For Florence Nightingale, Jesus Christ was “the most important person that ever lived.” She kept a picture of Christ, crowned with thorns, in her bedroom.  The call to relieve suffering was such, said Florence, that we “dishonour Christ when we do not do our best to relieve suffering, even in the meanest creature.  Kindness to sick man, woman and child came in with Christ.”

In her journal, Florence recorded these thoughts: “Personal union with Jesus Christ; without this we are nothing. Father, give me this personal union. Come in, Lord Jesus, come into my heart now. There is no room. Each day more and more of this new year, 1895, and may it be a better and a happier year than any before. So help me/us God!”

Let us give thanks for the life and work of Florence Nightingale, pioneer nurse and handmaid of the Lord who has brought health and healing for countless millions.

 

 

The Rev. Dr. Ed Hird, Rector

BSW, MDiv, DMin

St. Simon’s Church North Vancouver

Anglican Mission in the Americas (Canada)

-previously published in the North Shore News

-award-winning author of the book ‘Battle for the Soul of Canada’

p.s. In order to obtain a copy of the book ‘Battle for the Soul of Canada’, please send a $18.50 cheque to ‘Ed Hird’, #1008-555 West 28th Street, North Vancouver, BC V7N 2J7. For mailing the book to the USA, please send $20.00 USD.  This can also be done by PAYPAL using the e-mail ed_hird@telus.net . Be sure to list your mailing address. The Battle for the Soul of Canada e-book can be obtained for $9.99 CDN/USD.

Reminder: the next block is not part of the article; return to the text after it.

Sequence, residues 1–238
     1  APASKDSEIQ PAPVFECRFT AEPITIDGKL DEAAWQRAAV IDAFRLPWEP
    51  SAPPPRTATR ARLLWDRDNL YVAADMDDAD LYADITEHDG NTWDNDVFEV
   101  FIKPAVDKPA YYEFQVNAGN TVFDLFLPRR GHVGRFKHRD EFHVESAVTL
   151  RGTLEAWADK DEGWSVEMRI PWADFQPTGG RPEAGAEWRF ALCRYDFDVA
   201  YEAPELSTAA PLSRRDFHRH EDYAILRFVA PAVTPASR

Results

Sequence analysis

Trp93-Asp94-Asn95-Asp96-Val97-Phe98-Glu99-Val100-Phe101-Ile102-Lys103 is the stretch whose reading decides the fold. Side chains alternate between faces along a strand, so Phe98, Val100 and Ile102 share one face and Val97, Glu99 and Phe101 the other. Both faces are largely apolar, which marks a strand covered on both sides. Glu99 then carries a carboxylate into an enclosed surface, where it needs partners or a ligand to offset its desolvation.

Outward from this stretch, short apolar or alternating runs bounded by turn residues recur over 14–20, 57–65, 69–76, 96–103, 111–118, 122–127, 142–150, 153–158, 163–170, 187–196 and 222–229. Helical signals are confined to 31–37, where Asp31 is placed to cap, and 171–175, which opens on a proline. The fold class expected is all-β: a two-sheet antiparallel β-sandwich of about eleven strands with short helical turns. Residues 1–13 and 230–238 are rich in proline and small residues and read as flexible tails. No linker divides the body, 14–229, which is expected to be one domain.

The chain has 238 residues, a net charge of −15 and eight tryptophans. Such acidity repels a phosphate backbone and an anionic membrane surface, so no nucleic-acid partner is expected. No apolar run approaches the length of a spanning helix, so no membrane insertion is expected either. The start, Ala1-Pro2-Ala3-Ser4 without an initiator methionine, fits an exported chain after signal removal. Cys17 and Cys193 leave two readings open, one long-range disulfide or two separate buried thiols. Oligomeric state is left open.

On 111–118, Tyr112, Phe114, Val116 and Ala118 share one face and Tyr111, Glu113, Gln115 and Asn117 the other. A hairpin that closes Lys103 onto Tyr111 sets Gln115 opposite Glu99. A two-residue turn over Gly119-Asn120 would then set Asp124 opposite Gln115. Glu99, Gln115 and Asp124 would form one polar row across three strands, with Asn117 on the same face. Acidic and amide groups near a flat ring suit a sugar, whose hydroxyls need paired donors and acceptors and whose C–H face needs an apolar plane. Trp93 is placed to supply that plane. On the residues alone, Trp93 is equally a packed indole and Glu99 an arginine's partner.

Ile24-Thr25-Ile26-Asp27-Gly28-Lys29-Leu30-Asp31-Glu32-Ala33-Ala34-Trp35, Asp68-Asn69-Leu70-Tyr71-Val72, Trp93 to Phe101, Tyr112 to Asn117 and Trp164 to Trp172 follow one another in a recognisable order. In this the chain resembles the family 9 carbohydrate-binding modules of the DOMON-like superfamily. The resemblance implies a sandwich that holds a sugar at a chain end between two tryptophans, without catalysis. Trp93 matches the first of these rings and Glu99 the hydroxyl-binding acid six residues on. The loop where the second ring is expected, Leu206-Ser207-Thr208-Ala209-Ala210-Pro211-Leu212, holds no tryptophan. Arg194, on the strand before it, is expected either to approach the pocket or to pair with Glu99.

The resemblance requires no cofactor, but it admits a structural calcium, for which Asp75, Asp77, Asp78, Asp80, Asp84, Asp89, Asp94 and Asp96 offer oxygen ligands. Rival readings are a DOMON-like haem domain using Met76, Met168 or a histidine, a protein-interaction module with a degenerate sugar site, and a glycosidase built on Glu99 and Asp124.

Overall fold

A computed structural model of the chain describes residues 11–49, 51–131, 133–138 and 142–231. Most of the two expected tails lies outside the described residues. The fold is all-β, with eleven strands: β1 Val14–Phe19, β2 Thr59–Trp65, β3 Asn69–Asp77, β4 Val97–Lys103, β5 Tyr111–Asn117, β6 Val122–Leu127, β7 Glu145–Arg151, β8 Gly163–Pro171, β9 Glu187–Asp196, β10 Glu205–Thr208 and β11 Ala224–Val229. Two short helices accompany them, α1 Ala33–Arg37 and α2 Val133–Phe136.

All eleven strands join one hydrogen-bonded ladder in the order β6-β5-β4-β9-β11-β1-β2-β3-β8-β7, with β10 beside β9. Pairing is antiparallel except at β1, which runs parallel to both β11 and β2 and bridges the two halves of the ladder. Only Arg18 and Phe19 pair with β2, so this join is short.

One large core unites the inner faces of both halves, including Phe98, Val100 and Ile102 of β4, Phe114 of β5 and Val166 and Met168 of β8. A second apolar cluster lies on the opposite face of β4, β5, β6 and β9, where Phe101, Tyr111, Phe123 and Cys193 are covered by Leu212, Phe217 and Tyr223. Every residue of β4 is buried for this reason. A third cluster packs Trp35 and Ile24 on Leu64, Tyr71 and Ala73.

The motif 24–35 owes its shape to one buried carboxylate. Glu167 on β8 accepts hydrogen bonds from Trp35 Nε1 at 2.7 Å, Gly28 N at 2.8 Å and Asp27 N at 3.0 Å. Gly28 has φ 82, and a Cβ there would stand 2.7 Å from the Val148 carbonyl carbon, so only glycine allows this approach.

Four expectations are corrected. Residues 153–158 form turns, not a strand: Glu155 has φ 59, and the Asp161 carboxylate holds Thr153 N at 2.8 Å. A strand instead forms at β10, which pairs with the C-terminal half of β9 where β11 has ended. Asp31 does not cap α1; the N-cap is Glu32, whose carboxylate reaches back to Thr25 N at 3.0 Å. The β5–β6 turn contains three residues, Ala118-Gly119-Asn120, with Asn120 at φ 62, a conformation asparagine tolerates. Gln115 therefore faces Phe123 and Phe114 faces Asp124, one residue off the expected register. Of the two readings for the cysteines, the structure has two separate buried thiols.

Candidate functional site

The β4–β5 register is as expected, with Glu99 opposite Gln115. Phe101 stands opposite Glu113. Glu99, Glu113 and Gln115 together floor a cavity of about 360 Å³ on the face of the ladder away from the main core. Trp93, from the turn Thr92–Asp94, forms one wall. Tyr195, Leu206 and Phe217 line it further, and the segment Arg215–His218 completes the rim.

-Click to download a complimentary PDF copy of the Battle for the Soul study guide :  Seeking God’s Solution for a Spirit-Filled Canada

You can also download the complimentary Leader’s Guide PDF: Battle for the Soul Leaders Guide

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Author: Dr Ed Hird

I am the Rector of St. Simon's Church North Vancouver, B.C., having served there since 1987. Ordained in 1980, I have also served at St. Philip's Vancouver and St. Matthew's Abbotsford. My wife Janice and I have three sons James, Mark, and Andrew. I am the National Chaplain and Past President for Alpha Canada. I once served as the National Chair for Anglican Renewal Ministries of Canada, during which I was one of three co-signers of the Montreal Declaration of Anglican Essentials http://www3.telus.net/st_simons/arm05.htm For the past 23 years, I have been privileged to write over 280 articles as a columnist on spiritual issues for local North Vancouver newspapers. In the last number of years, I have had the opportunity to lead conferences and retreats in Honduras, Washington State, BC, Alberta, Saskatchewan, Newfoundland, and Toronto. In order to obtain a copy of the new book 'Battle for the Soul of Canada', please send a $18.50 cheque to 'Ed Hird', #1008-555 West 28th Street, North Vancouver, BC V7N 2J7. For mailing the book to the USA, please send $20.00 USD. For more info, please click on www3.telus.net/st_simons/nsnews030.html

24 thoughts on “Florence Nightingale: Mother of Nursing